News Roundup Monday 8th April 2019
News Roundup Monday 8th April 2019
HMRC’s loan charge assault runs contrary to legal safeguards
Keith Gordon of Temple Tax Chambers looks at concerns over the loan charge and considers whether it goes against safeguards protecting taxpayers from retrospective or retroactive legislation.
Jet tax breaks soar
Figures show that tax breaks for owners of private jets registered in the Isle of Man increased to £100m last year, taking the total of tax avoided on private jets to £940m since 2011. This comes despite warnings from the European commission that the practice is a breach of EU laws, with Brussels describing the tax breaks as “abusive” and characterising them as “evasion” in November 2018.
The Guardian, Page: 28
Tax disputes jump 40% in 2 years
Analysis by Price Bailey shows that disputes between HMRC and taxpayers have climbed by more than 40% in two years, with 7,377 first-tier tribunal cases in the tax year that ended in April 2018 compared to 5,161 in 2015/16. Richard Grimster of Price Bailey suggests HMRC, under pressure to maximise tax revenues, has adopted a “more aggressive and intransigent approach in its dealings with taxpayers”.
Rate rethink leaves tax gap for Scots
The Sunday Times looks at a tax gap between Scotland and the rest of the UK, noting that the starting point for 40% income tax has risen to £50,000 in England, Northern Ireland and Wales while taxpayers in Scotland pay higher-rate tax on earnings above £43,430, at a rate of 41%. Steven Cameron, pensions director at the insurer Aegon, says: “Someone earning £50,000 in Wales, England or Northern Ireland will pay £7,500 income tax this year, while someone earning the same in Scotland will pay £9,044”, before pointing to a positive for those north of the Border, saying: “People in Scotland earning £50,000 will be entitled to up to 41% tax relief on their pension contributions, whereas those earning the same in the rest of the UK would be entitled to only 20% tax relief.”
Tax and pension thresholds hit doctors
James Coney in the Sunday Times considers whether people in the top tax band are being unfairly treated, questioning why the point at which the additional-rate tax starts has remained unchanged at £150,000 since its introduction in 2010. HMRC data, he notes, shows that the number of taxpayers in this band has grown from 236,000 to 393,000 over that period. Mr Coney also highlights concerns around tax relief on pensions and the earnings threshold, detailing the impact it has had on some NHS doctors.
£1bn tax bill for FTSE firms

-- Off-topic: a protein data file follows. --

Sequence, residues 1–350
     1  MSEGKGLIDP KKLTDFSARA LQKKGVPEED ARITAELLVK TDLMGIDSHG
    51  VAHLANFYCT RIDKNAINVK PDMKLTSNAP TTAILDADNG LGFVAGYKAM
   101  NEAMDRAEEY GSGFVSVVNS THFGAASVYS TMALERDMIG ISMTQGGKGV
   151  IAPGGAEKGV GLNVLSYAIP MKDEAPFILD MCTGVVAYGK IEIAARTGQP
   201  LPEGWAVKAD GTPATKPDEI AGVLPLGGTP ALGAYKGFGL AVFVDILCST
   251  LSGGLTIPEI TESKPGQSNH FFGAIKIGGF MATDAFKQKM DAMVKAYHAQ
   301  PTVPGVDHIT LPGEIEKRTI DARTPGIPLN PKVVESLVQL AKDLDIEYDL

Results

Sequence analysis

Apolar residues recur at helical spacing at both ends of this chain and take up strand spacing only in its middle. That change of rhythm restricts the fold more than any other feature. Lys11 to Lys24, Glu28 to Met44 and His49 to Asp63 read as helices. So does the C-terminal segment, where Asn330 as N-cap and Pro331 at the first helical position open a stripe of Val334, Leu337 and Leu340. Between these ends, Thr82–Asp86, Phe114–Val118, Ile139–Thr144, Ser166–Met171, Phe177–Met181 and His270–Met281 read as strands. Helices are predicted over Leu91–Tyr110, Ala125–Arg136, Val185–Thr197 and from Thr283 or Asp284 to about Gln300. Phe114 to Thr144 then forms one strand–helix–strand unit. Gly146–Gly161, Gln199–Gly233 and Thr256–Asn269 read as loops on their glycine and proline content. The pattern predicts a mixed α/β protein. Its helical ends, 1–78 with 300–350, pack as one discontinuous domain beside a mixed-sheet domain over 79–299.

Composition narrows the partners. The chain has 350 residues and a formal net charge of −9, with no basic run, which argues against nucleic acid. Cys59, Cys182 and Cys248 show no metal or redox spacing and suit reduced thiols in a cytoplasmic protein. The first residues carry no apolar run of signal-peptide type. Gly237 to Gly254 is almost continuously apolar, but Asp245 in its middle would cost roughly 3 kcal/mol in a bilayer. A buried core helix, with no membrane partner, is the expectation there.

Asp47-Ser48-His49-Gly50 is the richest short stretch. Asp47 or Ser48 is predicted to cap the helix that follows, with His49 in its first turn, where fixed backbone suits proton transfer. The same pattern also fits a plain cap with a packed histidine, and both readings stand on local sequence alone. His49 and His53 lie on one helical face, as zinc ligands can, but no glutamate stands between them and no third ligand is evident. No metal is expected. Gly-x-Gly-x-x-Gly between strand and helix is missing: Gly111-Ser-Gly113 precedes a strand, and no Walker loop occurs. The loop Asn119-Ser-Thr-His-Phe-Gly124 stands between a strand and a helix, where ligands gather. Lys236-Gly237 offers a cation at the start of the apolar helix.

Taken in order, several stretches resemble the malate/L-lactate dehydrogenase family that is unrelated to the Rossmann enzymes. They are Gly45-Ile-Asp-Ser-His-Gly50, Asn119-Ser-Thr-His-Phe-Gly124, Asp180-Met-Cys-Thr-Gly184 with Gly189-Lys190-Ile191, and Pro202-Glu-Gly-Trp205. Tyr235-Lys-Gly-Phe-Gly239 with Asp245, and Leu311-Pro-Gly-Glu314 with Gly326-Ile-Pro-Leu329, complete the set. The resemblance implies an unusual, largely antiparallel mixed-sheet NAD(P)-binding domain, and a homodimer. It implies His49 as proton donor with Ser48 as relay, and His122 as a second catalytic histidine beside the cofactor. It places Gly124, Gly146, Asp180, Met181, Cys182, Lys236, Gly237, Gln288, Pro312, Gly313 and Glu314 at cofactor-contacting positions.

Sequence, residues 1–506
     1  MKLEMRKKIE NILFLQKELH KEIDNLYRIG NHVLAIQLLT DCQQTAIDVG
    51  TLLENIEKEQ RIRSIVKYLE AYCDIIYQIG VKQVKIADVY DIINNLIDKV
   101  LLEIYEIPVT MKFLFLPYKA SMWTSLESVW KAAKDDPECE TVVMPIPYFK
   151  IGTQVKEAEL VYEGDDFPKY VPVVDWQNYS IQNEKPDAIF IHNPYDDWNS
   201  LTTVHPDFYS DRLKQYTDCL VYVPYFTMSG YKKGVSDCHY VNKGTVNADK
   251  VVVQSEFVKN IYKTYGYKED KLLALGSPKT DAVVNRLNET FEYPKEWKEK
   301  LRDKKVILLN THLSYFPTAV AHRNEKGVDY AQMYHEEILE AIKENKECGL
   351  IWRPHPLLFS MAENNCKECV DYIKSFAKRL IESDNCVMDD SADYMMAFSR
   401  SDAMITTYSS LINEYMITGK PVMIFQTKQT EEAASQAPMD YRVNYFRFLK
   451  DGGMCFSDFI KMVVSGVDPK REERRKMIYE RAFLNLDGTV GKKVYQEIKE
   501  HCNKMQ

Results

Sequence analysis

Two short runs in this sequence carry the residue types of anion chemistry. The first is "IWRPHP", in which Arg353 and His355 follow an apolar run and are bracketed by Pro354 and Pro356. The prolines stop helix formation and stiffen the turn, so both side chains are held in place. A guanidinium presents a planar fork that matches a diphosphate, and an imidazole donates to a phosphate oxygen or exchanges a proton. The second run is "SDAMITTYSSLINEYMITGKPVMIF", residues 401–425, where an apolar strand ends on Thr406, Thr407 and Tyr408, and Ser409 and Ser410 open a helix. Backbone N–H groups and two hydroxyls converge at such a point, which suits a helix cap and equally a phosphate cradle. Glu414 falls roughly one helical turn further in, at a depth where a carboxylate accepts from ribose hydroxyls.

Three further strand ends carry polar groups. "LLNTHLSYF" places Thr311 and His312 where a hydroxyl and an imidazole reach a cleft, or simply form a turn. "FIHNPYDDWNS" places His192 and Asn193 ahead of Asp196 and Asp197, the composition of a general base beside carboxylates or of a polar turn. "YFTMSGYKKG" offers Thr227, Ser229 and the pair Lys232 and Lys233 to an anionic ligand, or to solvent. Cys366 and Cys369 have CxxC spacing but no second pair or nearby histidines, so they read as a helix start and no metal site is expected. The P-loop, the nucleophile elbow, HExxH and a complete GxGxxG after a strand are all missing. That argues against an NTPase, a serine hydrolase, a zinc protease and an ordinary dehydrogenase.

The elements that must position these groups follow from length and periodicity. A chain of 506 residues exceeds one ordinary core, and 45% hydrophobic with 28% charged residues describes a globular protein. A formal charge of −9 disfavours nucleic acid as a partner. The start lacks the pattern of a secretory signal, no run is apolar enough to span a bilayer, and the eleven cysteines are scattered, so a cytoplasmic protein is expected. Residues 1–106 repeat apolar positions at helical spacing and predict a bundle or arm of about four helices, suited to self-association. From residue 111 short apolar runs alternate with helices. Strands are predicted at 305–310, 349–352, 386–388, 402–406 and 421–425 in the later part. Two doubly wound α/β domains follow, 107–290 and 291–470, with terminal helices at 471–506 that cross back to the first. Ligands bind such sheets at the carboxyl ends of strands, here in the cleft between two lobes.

A European Commission investigation has ruled that a tax scheme introduced in 2012 gave an unfair advantage to multinationals based in the UK, with up to £1bn in lost tax set to be clawed back. Tommy Stubbington in the Sunday Times says the Treasury is unhappy at the decision, believing EC officials have been inconsistent in criticism of tax rules. The Treasury said it would “carefully consider” the ruling before taking action, while Dan Neidle of law firm Clifford Chance said the ruling was likely to be challenged by big companies as “HMRC and business have been forced into a billion-pound dispute neither want.”
Tax change boosts high earners
Torsten Bell, director of the Resolution Foundation, looks at austerity and notes that this year’s income tax cuts “are bumper ones for higher earners,” saying that those earning £30,000 will be £73 better off, but those earning £60,000 will see a £327 boost. Writing in the Observer, he adds that new tax and benefit changes for the year mean an average £280 income boost for the richest fifth of households, but a £100 reduction for the poorest fifth.
The Observer, Page: 4
IHT hit under Labour?
The inheritance tax regime would become more punitive under a Jeremy Corbyn led Labour government, argues Jeff Prestridge in the Mail on Sunday, saying the removal of exemptions would be likely, as would higher tax rates. He says Conservative governments have tried to help families shield more assets from the tax but adds that the changes have increased inheritance tax’s complexity, prompting Chancellor Philip Hammond to ask the Office of Tax Simplification to see whether the tax could be made fairer and easier to understand – with the outcome of its review imminent. Mr Prestridge also considers changes a Labour election win could see to tax matters such as relief on pension contributions and capital gains tax.
The Mail on Sunday, Page: 82
Zero rate on savings income
Mike Warburton in the Telegraph looks at a special rate that can apply to savings income which HMRC estimates will mean three-quarters of a million people will pay a zero rate of tax this year.
The Daily Telegraph, Money, Page: 2
Chief executive defends HMRC over pay regulations
HMRC chief executive Sir Jonathan Thompson has defended pay regulations which have come under criticism, denying suggestions that they prevent employers from setting up salary schemes for staff. With Business Secretary Greg Clark examining claims that the rules are “overly complex” and “too difficult to comply with”, Sir Jonathan has insisted they are “very clear” and “designed to avoid any potential for abuse”. With some critics suggesting HMRC is targeting companies that accidentally fall foul of pay regulations through salary sacrifice schemes, Sir Jonathan insisted that the Revenue has a “legal duty” to pursue all cases. Helen Dickinson, chief executive of the British Retail Consortium, comments: “HMRC should be focusing its time and effort on catching those who abuse the law, rather than responsible employers who are trying to do the best for their employees but are being held back by poorly thought-out legislation.”